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              The two stage model of preeclampsia: variations on the theme.

              The Two Stage Model of preeclampsia proposes that a poorly perfused placenta (Stage 1) produces factor(s) leading to the clinical manifestations of preeclampsia (Stage 2). Stage 1 is not sufficient to cause the maternal syndrome but interacts with maternal constitutional factors (genetic, behavioral or environmental) to result in Stage 2. Recent information indicates the necessity for modifications of this model. It is apparent that changes relevant to preeclampsia and other implantation disorders can be detected in the first trimester, long before the failed vascular remodeling necessary to reduce placental perfusion is completed. In addition, although the factor(s) released from the placenta has usually been considered a toxin, we suggest that what is released may also be an appropriate signal from the fetal/placental unit to overcome reduced nutrient availability that cannot be tolerated by some women who develop preeclampsia. Further, it is evident that linkage is not likely to be one factor but several, different for different women. Also although the initial model limited the role of maternal constitutional factors to the genesis of Stage 2, this does not appear to be the case. It is evident that the factors increasing risk for preeclampsia are also associated with abnormal implantation. These several modifications have important implications. An earlier origin for Stage 1, which appears to be recognizable by altered concentrations of placental products, could allow earlier intervention. The possibility of a fetal placental factor increasing nutrient availability could provide novel therapeutic options. Different linkages and preeclampsia subtypes could direct specific preventive treatments for different women while the role of maternal constitutional factors to affect placentation provides targets for prepregnancy therapy. The modified Two Stage Model provides a useful guide towards investigating pathophysiology and guiding therapy.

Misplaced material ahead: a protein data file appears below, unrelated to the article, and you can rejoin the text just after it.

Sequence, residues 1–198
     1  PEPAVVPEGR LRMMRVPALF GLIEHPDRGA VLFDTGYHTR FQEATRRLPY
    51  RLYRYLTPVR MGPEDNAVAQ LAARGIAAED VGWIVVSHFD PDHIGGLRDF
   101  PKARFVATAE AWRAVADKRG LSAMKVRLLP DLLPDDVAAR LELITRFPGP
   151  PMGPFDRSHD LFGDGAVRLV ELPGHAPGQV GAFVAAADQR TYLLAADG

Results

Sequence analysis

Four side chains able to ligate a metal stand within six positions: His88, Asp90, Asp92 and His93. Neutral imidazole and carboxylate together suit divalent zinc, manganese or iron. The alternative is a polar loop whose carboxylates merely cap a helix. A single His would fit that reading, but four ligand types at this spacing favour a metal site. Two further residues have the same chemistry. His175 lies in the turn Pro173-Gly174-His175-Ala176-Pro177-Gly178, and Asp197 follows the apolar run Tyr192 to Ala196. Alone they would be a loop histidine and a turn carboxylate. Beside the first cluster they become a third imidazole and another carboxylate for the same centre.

Author and article information

                J Vasc Res
                Journal of Vascular Research
                S. Karger AG
                October 2014
                08 October 2014
                : 51
                : 4
                : 290-304
                Department of Obstetrics and Gynecology, University of Vermont College of Medicine, Burlington, Vt., USA
                Author notes
                *Dr. George Osol, Department of Obstetrics and Gynecology, University of Vermont College of Medicine, Burlington, VT 05405 (USA), E-Mail
                367627 J Vasc Res 2014;51:290-304
                © 2014 S. Karger AG, Basel

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                Page count
                Figures: 4, Tables: 1, Pages: 15